Discuss as:

Woman who snatched newborn from hospital sentenced to 12 years in prison


This May 24, 2010, file photo provided by the Wake County (N.C.) Bureau of Identification shows Ann Pettway, who snatched a newborn baby from a New York hospital more than two decades ago.

Updated 4:35 p.m. ET: A woman who snatched a newborn baby from a New York City hospital more than two decades ago and raised her as her own was sentenced in a Manhattan federal courtroom to 12 years in prison Monday.

Ann Pettway, 51, received less than the life sentence she was facing and the 23 years the mother of the kidnapped girl requested.

White’s father, Carl Tyson, expressed his disappointment, saying, “I’m not really satisfied with the sentencing.” He added that Pettway “put a scar on me.”

Pettway pleaded guilty to a kidnapping charge in February.

For more, visit NBCNewYork.com

During her court appearance then, she offered few details of the 1987 kidnapping. She said she took a train from her Connecticut home to Harlem Hospital, where she scooped up 3-week-old Carlina White, who had been brought to the emergency room by her parents.

"I went to the hospital. I took a child. It was wrong," she told the court.

But she offered no explanation for her action.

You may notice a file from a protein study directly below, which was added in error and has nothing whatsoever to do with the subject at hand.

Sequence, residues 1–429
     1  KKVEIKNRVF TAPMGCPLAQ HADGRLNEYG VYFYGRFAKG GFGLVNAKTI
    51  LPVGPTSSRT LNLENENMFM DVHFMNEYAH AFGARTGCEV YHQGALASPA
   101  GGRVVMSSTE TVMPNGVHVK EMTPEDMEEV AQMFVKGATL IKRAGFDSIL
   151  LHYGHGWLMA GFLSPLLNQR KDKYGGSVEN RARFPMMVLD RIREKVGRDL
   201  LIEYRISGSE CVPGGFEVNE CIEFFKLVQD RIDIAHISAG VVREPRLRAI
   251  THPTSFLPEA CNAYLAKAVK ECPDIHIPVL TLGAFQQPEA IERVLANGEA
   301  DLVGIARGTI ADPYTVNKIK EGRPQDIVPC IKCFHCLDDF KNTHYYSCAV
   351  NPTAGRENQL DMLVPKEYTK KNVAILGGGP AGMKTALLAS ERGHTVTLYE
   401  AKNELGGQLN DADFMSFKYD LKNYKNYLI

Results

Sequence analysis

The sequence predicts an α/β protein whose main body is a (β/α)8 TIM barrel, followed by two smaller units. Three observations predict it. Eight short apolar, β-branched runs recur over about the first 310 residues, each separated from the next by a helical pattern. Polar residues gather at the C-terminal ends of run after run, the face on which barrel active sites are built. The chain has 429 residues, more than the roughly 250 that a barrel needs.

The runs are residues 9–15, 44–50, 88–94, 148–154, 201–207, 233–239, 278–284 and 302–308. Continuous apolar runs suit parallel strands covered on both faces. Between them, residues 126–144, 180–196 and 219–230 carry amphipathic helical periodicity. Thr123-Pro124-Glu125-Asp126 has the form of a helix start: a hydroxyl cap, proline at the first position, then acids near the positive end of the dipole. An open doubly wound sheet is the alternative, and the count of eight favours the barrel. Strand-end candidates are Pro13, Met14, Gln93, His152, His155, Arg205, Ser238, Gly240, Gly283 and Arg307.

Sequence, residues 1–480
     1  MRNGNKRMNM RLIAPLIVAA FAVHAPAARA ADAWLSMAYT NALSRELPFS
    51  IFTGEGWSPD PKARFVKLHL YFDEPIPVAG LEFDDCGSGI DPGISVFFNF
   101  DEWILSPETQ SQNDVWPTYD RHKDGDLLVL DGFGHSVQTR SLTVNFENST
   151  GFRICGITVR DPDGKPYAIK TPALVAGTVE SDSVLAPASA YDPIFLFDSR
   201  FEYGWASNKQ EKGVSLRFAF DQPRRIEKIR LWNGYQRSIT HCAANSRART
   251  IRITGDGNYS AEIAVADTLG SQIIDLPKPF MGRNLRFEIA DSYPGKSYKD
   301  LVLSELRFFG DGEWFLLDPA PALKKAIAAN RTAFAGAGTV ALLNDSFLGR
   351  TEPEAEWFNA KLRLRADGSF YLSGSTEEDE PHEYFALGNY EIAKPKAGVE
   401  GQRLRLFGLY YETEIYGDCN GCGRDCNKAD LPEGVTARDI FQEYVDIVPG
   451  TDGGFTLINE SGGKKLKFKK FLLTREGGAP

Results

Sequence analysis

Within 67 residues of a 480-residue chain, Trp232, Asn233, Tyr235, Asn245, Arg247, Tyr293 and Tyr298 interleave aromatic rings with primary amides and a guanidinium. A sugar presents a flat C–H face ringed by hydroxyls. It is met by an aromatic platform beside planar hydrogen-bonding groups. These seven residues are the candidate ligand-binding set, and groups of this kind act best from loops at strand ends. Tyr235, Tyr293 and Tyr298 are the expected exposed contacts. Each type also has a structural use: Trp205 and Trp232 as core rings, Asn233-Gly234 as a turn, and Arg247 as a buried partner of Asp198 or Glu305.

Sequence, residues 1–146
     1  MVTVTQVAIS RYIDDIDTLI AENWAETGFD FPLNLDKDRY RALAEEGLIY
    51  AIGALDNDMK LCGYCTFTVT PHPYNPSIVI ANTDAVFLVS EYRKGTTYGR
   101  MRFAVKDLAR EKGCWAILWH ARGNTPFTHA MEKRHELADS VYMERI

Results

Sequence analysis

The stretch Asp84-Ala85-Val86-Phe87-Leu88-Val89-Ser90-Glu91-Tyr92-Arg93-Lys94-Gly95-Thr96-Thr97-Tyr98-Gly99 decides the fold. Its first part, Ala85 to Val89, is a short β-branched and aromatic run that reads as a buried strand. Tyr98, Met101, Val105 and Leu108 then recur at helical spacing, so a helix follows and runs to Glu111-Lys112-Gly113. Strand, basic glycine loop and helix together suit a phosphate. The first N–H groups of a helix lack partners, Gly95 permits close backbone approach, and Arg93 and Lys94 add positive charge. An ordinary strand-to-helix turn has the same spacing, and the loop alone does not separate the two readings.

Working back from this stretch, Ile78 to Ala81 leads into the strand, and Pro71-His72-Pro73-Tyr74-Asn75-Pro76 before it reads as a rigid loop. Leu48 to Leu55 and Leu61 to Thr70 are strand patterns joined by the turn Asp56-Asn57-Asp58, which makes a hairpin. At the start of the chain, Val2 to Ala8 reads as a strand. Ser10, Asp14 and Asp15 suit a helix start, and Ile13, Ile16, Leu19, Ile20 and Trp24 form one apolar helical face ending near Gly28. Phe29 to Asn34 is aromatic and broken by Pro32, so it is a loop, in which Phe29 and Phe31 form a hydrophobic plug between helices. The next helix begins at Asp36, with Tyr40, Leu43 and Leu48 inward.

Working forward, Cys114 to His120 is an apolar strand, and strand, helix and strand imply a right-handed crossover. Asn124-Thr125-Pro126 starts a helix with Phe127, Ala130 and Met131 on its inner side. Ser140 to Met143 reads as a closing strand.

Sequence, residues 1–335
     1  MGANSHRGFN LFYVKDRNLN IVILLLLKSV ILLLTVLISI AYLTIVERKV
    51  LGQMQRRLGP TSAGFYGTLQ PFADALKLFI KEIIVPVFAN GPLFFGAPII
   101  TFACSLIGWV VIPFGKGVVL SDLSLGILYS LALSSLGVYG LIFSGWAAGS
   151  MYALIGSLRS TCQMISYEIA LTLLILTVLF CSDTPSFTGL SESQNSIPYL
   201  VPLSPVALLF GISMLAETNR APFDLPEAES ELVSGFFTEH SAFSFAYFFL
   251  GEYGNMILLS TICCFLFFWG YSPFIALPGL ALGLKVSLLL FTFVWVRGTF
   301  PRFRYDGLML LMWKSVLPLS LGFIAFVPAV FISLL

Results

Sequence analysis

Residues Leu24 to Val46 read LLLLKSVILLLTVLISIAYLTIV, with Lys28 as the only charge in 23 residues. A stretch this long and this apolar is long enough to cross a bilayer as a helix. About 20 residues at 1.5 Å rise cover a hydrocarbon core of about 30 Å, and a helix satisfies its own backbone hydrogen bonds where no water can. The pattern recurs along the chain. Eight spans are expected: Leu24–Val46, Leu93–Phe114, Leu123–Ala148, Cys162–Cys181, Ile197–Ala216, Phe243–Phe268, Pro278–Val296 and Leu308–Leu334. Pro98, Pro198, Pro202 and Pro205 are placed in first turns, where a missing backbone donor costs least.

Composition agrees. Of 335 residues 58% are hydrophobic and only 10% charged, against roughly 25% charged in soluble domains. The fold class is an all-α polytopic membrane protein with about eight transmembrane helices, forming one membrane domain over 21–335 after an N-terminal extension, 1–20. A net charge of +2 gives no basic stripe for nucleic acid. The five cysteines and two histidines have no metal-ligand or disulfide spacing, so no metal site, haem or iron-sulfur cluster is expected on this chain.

As part of Pettway's plea bargain, prosecutors recommended that she be sentenced to between 10 and 12½ years in prison. 

Carlina's birth mother, Joy White, wept during the February proceedings. "I've lost 23 years of being with my daughter," she said, adding that those decades were filled with pain and heartache.

White said she encountered Pettway at the hospital on the day her daughter disappeared, dressed like a nurse. "She came up to me and said to me, 'Don't cry. Your daughter is going to be OK.'"

The case was solved by Carlina herself.

Woman pleads guilty in 1987 newborn kidnapping case

As she grew up in Connecticut under another name, the girl became increasingly suspicious of her own identity. Pettway told her she had been given away by a drug addict.

Carlina White said she browsed the website of the National Center for Missing and Exploited Children for clues to her identity. After matching a photo of herself with one on the site, she tracked down her true mother and they reunited in January of 2011. A DNA test confirmed they were mother and child.

Today, they speak every day, Joy White said.

"I love my daughter. She's a beautiful girl," she said, adding that she had kept a picture of her missing baby at her bedside for 23 years.      

More content from NBCNews.com:

Follow US News from NBCNews.com on Twitter and Facebook